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      Reduction of Clostridium Difficile and vancomycin-resistant Enterococcus contamination of environmental surfaces after an intervention to improve cleaning methods

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          Abstract

          Background

          Contaminated environmental surfaces may play an important role in transmission of some healthcare-associated pathogens. In this study, we assessed the adequacy of cleaning practices in rooms of patients with Clostridium difficile-associated diarrhea (CDAD) and vancomycin-resistant Enterococcus (VRE) colonization or infection and examined whether an intervention would result in improved decontamination of surfaces.

          Methods

          During a 6-week period, we cultured commonly touched surfaces (i.e. bedrails, telephones, call buttons, door knobs, toilet seats, and bedside tables) in rooms of patients with CDAD and VRE colonization or infection before and after housekeeping cleaning, and again after disinfection with 10% bleach performed by the research staff. After the housekeeping staff received education and feedback, additional cultures were collected before and after housekeeping cleaning during a 10-week follow-up period.

          Results

          Of the 17 rooms of patients with VRE colonization or infection, 16 (94%) had one or more positive environmental cultures before cleaning versus 12 (71%) after housekeeping cleaning (p = 0.125), whereas none had positive cultures after bleach disinfection by the research staff (p < 0.001). Of the 9 rooms of patients with CDAD, 100% had positive cultures prior to cleaning versus 7 (78%) after housekeeping cleaning (p = 0.50), whereas only 1 (11%) had positive cultures after bleach disinfection by research staff (p = 0.031). After an educational intervention, rates of environmental contamination after housekeeping cleaning were significantly reduced.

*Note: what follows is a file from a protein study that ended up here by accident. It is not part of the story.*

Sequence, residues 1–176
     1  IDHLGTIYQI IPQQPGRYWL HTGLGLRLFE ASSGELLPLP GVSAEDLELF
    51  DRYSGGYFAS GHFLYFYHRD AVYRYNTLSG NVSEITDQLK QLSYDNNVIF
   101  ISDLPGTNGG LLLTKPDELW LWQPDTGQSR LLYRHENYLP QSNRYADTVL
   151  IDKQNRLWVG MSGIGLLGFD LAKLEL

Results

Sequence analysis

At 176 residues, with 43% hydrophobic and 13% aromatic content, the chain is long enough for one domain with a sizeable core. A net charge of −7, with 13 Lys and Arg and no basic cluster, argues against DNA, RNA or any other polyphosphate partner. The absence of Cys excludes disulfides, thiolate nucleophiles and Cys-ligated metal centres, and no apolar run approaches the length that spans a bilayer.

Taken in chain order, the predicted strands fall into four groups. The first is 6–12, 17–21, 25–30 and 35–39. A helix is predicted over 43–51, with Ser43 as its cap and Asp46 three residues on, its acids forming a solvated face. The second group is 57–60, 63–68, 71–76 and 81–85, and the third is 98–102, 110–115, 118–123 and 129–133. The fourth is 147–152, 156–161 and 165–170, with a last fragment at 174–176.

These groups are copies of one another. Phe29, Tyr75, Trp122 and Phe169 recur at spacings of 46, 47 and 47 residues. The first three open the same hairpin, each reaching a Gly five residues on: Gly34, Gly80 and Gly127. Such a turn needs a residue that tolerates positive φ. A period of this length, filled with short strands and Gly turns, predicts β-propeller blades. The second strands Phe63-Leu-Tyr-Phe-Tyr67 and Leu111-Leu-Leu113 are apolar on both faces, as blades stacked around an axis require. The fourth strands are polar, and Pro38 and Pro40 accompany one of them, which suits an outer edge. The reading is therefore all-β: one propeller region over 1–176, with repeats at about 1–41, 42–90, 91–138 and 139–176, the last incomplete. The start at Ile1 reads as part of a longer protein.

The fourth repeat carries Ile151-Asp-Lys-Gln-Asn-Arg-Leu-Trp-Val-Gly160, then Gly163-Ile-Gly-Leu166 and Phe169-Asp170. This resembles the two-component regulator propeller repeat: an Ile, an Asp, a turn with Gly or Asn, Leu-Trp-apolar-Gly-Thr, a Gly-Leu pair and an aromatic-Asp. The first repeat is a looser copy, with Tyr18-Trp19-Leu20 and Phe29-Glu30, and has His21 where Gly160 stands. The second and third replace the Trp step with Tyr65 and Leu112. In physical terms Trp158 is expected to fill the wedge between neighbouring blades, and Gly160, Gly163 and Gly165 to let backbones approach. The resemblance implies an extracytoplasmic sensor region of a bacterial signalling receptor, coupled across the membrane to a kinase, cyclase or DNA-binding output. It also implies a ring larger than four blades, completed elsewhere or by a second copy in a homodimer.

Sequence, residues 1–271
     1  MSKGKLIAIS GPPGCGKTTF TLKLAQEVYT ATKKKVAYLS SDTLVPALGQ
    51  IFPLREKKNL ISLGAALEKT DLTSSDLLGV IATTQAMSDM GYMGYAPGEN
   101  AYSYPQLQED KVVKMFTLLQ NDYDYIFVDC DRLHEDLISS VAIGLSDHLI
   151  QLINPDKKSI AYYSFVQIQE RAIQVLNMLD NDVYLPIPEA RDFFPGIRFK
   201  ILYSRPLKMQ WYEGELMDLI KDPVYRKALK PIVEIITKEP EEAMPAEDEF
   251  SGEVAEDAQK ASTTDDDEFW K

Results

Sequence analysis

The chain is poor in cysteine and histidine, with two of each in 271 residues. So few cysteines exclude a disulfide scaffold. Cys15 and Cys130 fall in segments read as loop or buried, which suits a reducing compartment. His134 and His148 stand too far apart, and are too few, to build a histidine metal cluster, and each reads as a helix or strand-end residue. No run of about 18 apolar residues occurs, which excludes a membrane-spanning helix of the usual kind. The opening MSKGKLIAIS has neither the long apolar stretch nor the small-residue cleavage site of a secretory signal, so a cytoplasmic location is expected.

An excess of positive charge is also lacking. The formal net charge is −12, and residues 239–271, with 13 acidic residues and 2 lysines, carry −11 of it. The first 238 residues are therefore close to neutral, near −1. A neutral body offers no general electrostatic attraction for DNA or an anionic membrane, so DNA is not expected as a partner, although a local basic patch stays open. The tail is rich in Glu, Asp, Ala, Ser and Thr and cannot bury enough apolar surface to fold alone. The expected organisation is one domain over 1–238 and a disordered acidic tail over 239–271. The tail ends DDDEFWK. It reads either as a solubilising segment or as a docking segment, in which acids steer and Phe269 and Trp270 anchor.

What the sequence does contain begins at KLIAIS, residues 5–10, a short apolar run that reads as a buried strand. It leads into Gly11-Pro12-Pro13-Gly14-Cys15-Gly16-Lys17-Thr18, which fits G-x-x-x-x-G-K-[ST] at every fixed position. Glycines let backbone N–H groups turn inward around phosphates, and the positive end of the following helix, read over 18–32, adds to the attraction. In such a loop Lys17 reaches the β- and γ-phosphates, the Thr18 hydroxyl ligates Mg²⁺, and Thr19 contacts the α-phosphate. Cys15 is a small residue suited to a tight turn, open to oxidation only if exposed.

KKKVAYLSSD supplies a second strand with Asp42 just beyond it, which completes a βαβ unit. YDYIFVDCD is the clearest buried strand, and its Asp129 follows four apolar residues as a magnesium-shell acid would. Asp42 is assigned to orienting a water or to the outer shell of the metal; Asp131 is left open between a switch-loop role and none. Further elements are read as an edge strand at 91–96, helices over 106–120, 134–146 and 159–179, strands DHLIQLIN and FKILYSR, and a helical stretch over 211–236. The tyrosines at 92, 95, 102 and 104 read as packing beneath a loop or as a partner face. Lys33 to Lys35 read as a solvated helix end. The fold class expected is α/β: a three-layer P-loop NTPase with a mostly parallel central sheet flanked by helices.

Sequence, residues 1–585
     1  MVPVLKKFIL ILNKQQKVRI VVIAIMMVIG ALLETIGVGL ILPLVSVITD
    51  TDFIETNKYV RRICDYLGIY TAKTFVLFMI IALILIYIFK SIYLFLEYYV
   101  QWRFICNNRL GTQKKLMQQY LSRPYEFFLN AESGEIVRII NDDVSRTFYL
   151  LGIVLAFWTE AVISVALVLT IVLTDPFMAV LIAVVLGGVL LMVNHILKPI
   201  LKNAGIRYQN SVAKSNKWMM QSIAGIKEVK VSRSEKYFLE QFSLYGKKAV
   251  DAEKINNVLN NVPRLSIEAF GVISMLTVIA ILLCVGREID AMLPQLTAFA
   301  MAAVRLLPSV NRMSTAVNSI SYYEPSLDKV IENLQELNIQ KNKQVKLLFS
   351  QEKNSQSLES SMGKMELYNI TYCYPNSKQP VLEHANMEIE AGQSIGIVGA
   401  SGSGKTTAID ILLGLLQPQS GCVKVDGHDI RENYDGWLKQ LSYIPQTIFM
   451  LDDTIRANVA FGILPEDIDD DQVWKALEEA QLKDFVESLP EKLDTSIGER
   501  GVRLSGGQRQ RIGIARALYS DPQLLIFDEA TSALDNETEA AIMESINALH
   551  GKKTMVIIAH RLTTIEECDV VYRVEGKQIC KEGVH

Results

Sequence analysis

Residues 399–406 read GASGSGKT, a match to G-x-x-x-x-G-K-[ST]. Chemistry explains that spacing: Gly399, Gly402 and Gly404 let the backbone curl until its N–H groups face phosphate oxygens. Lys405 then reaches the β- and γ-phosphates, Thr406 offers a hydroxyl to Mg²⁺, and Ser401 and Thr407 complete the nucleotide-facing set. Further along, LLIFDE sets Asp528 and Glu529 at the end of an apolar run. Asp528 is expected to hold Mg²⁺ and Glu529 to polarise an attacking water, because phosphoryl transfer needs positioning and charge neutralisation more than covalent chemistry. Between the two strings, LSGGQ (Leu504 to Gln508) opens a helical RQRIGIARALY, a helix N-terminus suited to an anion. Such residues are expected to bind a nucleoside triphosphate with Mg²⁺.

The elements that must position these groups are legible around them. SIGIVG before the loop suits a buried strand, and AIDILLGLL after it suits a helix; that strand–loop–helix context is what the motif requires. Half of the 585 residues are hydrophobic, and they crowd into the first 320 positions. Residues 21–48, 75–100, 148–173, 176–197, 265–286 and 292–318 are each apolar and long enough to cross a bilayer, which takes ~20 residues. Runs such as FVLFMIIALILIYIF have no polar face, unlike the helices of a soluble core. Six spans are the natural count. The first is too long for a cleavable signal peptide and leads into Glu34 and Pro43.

Conclusion

          Our findings provide additional evidence that simple educational interventions directed at housekeeping staff can result in improved decontamination of environmental surfaces. Such interventions should include efforts to monitor cleaning and disinfection practices and provide feedback to the housekeeping staff.

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          Most cited references 18

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          SHEA guideline for preventing nosocomial transmission of multidrug-resistant strains of Staphylococcus aureus and enterococcus.

          Infection control programs were created three decades ago to control antibiotic-resistant healthcare-associated infections, but there has been little evidence of control in most facilities. After long, steady increases of MRSA and VRE infections in NNIS System hospitals, the Society for Healthcare Epidemiology of America (SHEA) Board of Directors made reducing antibiotic-resistant infections a strategic SHEA goal in January 2000. After 2 more years without improvement, a SHEA task force was appointed to draft this evidence-based guideline on preventing nosocomial transmission of such pathogens, focusing on the two considered most out of control: MRSA and VRE. Medline searches were conducted spanning 1966 to 2002. Pertinent abstracts of unpublished studies providing sufficient data were included. Frequent antibiotic therapy in healthcare settings provides a selective advantage for resistant flora, but patients with MRSA or VRE usually acquire it via spread. The CDC has long-recommended contact precautions for patients colonized or infected with such pathogens. Most facilities have required this as policy, but have not actively identified colonized patients with surveillance cultures, leaving most colonized patients undetected and unisolated. Many studies have shown control of endemic and/or epidemic MRSA and VRE infections using surveillance cultures and contact precautions, demonstrating consistency of evidence, high strength of association, reversibility, a dose gradient, and specificity for control with this approach. Adjunctive control measures are also discussed. Active surveillance cultures are essential to identify the reservoir for spread of MRSA and VRE infections and make control possible using the CDC's long-recommended contact precautions.
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            The role of the intestinal tract as a reservoir and source for transmission of nosocomial pathogens.